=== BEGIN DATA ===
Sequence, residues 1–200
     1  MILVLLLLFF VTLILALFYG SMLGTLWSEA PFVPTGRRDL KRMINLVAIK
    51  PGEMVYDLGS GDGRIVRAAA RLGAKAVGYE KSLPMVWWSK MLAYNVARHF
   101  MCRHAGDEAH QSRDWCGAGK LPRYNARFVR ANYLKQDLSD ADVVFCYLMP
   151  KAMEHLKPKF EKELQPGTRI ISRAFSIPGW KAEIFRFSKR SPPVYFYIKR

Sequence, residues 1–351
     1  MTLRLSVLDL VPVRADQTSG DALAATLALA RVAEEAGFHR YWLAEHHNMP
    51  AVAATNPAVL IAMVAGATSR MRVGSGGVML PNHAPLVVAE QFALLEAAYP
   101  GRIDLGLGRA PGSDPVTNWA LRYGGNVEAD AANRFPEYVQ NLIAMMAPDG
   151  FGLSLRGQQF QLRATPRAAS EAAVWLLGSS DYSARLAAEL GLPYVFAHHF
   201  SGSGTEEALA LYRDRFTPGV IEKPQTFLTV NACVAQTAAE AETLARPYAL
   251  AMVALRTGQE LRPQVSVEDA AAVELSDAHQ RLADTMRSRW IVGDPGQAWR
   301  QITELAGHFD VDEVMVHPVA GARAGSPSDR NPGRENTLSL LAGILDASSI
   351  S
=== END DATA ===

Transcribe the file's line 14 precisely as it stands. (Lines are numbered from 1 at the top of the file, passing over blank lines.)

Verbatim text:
   351  S